Essentially, if you’re not familiar with email threading, the idea is that if a group of people is sending emails back and forth by hitting the Reply button, and the previous email is copied into the body of the previous email, you don’t really have to read each individual email. At some point, later emails have the entire conversation in them. This means that it’s not necessary to read the “lesser included emails” because you already read them as part of the thread. But, the problem Judge Aaron describes is that while the text is there at the end of thread messages, you’re missing important metadata that is unique to the individual message.
As I said, having worked with Teams messages often I have seen this, where a transcript doesn’t have all of the message metadata, especially the time/dates of each message versus the beginning or end of the chat. If you’re creating those transcripts and not including each message in your production, you might be running afoul of your production requirements.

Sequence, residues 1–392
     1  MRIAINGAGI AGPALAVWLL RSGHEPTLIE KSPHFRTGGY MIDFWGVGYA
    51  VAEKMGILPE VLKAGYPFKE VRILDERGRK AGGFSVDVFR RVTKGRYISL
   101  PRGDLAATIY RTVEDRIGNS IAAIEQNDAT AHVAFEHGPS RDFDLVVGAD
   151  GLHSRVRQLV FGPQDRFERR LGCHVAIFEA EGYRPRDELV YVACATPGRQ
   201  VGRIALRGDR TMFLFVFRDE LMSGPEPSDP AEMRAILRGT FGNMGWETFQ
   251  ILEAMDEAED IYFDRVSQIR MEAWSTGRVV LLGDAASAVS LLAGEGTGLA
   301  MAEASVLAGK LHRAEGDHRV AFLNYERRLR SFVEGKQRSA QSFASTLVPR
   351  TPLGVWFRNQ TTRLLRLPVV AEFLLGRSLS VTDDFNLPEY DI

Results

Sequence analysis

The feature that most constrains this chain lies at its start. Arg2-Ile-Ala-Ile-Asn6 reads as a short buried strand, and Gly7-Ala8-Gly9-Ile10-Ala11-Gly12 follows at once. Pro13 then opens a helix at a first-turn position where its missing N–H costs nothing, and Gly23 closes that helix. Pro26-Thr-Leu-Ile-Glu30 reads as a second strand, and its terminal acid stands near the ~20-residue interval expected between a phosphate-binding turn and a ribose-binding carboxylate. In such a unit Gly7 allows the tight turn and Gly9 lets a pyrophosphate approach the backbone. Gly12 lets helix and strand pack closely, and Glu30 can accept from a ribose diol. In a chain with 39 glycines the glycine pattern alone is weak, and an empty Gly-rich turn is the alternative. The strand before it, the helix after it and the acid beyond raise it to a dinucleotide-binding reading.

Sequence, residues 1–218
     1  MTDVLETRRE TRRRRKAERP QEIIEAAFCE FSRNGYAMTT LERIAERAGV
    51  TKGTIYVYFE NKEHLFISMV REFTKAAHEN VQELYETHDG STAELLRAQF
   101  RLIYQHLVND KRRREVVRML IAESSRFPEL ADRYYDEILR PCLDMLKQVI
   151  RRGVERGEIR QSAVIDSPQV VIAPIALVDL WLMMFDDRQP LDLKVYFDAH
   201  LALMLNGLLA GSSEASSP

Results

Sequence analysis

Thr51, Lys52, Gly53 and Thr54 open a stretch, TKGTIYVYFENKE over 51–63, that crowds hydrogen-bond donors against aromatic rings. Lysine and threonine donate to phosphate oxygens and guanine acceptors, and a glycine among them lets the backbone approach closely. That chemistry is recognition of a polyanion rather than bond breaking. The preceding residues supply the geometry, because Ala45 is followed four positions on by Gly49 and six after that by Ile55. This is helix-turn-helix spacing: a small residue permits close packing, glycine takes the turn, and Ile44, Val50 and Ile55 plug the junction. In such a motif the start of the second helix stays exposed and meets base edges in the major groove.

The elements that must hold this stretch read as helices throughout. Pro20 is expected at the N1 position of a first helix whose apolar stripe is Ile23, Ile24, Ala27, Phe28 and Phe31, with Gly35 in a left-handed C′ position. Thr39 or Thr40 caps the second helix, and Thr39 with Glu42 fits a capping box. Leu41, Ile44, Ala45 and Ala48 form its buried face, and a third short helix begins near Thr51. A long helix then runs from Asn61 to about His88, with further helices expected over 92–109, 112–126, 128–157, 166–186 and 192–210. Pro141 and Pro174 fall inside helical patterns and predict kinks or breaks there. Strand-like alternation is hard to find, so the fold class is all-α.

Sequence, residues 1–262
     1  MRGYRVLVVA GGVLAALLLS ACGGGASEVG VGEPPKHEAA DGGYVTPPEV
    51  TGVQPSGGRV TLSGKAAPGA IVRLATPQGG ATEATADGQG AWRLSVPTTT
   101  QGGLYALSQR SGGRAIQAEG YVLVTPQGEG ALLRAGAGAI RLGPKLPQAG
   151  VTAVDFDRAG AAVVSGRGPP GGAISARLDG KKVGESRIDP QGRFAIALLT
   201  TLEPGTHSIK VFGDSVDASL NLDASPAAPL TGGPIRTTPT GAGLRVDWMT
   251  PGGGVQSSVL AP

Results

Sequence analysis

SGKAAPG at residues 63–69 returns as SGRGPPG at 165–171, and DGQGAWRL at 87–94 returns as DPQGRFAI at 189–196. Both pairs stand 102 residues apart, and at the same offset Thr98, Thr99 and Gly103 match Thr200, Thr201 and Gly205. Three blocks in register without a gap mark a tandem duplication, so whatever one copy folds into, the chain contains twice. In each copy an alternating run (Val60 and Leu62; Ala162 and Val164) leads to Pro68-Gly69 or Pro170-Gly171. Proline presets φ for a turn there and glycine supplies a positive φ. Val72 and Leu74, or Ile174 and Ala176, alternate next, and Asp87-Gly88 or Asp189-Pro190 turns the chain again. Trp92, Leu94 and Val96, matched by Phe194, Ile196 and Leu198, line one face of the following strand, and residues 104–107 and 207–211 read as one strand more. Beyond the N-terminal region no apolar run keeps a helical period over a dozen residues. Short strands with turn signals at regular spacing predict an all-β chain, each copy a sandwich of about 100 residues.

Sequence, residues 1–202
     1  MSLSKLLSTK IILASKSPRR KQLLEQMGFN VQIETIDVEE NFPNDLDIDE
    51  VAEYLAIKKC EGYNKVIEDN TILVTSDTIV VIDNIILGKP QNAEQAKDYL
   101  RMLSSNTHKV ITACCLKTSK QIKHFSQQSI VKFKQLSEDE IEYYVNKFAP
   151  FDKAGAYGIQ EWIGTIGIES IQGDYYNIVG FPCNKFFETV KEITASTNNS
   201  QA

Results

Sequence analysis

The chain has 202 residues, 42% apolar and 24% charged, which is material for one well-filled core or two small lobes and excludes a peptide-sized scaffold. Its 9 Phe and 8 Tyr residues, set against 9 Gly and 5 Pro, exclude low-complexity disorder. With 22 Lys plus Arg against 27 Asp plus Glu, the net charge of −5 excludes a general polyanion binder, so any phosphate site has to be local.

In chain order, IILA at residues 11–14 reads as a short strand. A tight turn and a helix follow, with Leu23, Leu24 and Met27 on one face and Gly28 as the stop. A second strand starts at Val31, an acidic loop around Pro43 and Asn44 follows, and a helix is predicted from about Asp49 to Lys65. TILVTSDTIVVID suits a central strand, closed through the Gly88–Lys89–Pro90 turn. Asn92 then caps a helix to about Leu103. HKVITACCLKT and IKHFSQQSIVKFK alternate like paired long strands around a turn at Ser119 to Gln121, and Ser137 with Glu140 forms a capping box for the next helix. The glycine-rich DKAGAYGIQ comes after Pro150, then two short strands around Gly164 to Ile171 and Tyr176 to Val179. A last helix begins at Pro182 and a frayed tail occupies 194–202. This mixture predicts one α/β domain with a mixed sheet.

But, as I said, IANAL, so don’t take my word for it, do your own testing.
A good chunk of these breaches are not someone actually trying to steal data, but just someone trying to either make something more easily accessible outside of the office or taking information when they leave related to things like contact information, maybe some documents they’ve written themselves that they want to keep, etc.
It’s likely that these folks aren’t actively trying to commit some sort of corporate espionage, they just aren’t really thinking about what they do. It might just be that the once-per-year required video just isn’t enough to make it top of mind every day.